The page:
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HOUSTON — Julia Morales and her family had been in Hawaii for only one day when they were thrust into the middle of 38 minutes of state-wide chaos.
Having just arrived to Honolulu for a week-long vacation that would culminate with a cruise around the islands, Morales, the popular in-game TV reporter who provides updates during Astros games, broke away from her family for a few minutes to grab a smoothie across the street.
Never could she have imagined that innocuous quick trip would turn so terrifying.
“The manager of the smoothie shop came out and said, ‘This is not a drill,'” Morales recalled. “‘We’re closing down the restaurant. Everybody go home.’ It happened that fast.”
The situation Morales is referring to, of course, is the alert that blasted across every Hawaiian smart phone owner’s device last Saturday, causing state-wide panic: “BALLISTIC MISSLE THREAT INBOUND TO HAWAII. SEEK IMMEDIATE SHELTER. THIS IS NOT A DRILL.”
It turned out not to be a drill, nor was it an actual threat. It was a false alarm, an apparent wrong-button mishap committed by a lone state worker. Perhaps it’s somewhat amusing to look back at now, days later, when order has been restored and explanations as to what happened have been provided. But at the time, it wasn’t so funny for the locals or a myriad of vacationers.
“It was pure panic immediately,” Morales said. “I was thinking, ‘Well maybe this is a local thing.’ But the girl behind the counter [at the smoothie shop] is from there and she said, ‘We’ve never seen this before.'”
As the patrons were ushered out of the restaurant, the smoothie shop employee said to Morales, “Do you want your smoothie? It might be your last.”
“That’s when I started to panic a little bit,” Morales said. “She was legitimately scared. Then I began to get scared.”
Morales, currently on a Hawaiian cruise with her husband, parents, grandparents, aunt, uncle and cousin, ran out of the smoothie shop and back to the group. She immediately took to Twitter to try to figure out what was happening. Surely, she figured, the government would put out a tweet with more information that would hopefully calm the uncertainly.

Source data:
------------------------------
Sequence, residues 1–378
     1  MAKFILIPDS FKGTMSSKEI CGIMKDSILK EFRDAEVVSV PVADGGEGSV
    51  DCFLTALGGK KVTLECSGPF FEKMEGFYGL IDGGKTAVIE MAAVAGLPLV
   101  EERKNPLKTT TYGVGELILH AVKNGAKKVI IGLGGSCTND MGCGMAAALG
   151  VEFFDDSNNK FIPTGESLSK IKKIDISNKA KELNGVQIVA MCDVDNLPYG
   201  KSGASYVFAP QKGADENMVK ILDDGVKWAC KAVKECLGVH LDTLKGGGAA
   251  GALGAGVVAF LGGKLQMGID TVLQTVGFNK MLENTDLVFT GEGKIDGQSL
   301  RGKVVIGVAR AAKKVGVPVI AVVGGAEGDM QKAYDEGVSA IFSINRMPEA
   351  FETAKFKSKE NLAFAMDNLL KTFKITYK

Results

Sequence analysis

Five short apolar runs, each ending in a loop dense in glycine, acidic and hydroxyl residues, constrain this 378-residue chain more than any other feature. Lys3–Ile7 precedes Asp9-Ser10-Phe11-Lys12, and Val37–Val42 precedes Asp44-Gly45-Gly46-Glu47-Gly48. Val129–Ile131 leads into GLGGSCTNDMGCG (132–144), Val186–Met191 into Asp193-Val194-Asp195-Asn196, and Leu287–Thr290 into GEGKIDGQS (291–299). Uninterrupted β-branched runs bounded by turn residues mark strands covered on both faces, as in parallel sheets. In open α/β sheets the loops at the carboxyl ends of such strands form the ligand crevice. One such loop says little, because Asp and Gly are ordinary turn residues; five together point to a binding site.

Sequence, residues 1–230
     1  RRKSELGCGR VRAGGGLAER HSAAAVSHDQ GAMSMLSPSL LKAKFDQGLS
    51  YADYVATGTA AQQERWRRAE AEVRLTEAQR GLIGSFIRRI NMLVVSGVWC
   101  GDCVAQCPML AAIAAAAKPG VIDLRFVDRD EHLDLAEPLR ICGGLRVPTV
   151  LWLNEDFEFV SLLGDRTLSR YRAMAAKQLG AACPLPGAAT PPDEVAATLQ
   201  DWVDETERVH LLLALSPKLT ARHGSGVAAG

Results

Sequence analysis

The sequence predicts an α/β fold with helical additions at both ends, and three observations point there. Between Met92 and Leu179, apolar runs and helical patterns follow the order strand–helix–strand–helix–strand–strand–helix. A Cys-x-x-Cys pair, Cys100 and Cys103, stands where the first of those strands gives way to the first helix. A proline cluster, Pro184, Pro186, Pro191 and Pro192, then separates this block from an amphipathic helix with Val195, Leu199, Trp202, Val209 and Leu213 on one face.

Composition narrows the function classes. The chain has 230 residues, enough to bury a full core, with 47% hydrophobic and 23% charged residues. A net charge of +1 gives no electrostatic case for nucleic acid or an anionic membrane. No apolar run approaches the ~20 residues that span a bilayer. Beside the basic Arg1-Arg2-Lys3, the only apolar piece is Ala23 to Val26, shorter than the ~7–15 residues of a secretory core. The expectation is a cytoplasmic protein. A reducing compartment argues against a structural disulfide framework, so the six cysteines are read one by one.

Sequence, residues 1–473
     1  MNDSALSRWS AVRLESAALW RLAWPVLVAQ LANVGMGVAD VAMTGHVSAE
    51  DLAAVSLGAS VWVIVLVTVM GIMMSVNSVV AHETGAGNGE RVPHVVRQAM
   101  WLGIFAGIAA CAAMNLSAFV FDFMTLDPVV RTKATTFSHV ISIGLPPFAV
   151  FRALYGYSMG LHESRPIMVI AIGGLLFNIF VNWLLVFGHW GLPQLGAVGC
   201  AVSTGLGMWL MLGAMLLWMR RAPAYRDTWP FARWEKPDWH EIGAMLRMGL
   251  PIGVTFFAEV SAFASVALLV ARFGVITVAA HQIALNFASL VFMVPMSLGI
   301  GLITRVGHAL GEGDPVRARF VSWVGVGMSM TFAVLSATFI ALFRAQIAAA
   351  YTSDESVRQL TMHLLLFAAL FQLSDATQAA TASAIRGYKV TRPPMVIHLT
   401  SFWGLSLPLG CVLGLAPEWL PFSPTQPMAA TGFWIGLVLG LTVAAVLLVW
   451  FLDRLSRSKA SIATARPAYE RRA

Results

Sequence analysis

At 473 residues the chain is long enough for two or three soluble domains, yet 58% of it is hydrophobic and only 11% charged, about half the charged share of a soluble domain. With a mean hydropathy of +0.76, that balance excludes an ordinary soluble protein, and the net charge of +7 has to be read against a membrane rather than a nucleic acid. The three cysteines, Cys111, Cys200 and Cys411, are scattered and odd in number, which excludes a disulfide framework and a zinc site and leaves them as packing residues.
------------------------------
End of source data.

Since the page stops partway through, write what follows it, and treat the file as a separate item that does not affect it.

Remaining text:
But minutes went by and she couldn’t find any information. So, she began tweeting, hoping someone would see it and reassure her that it was a false alarm.
“That was really why I started to tweet about it,” Morales said. “I was hoping someone would look into it.”
Finally, the tweet from the Hawaiian Emergency Management account landed: “false alarm.”
“We were finally all able to breathe a little bit,” Morales said.
The scare was over, but the effects from the ordeal lingered a while. Those agonizing minutes of confusion, and the adrenaline rush they caused, took their toll.
“I actually felt like I got sick,” Morales said. “You just have no idea what to do, where to go, and what a shelter means, when you’re on vacation in Hawaii. And then it was just the panic around me. The girl at the smoothie place was the first one, but then it just seemed like it was everyone. All these younger kids were crying. Our bartender at the restaurant where we got breakfast — she was just a mess the entire time.”
Morales left for this vacation hoping it would be an unforgettable experience, but clearly, this is not what she had in mind.
“Thank God it was a false alarm,” Morales said. “But at the same time, you want to know why this happened. That was a pretty horrifying 20-30 minutes.”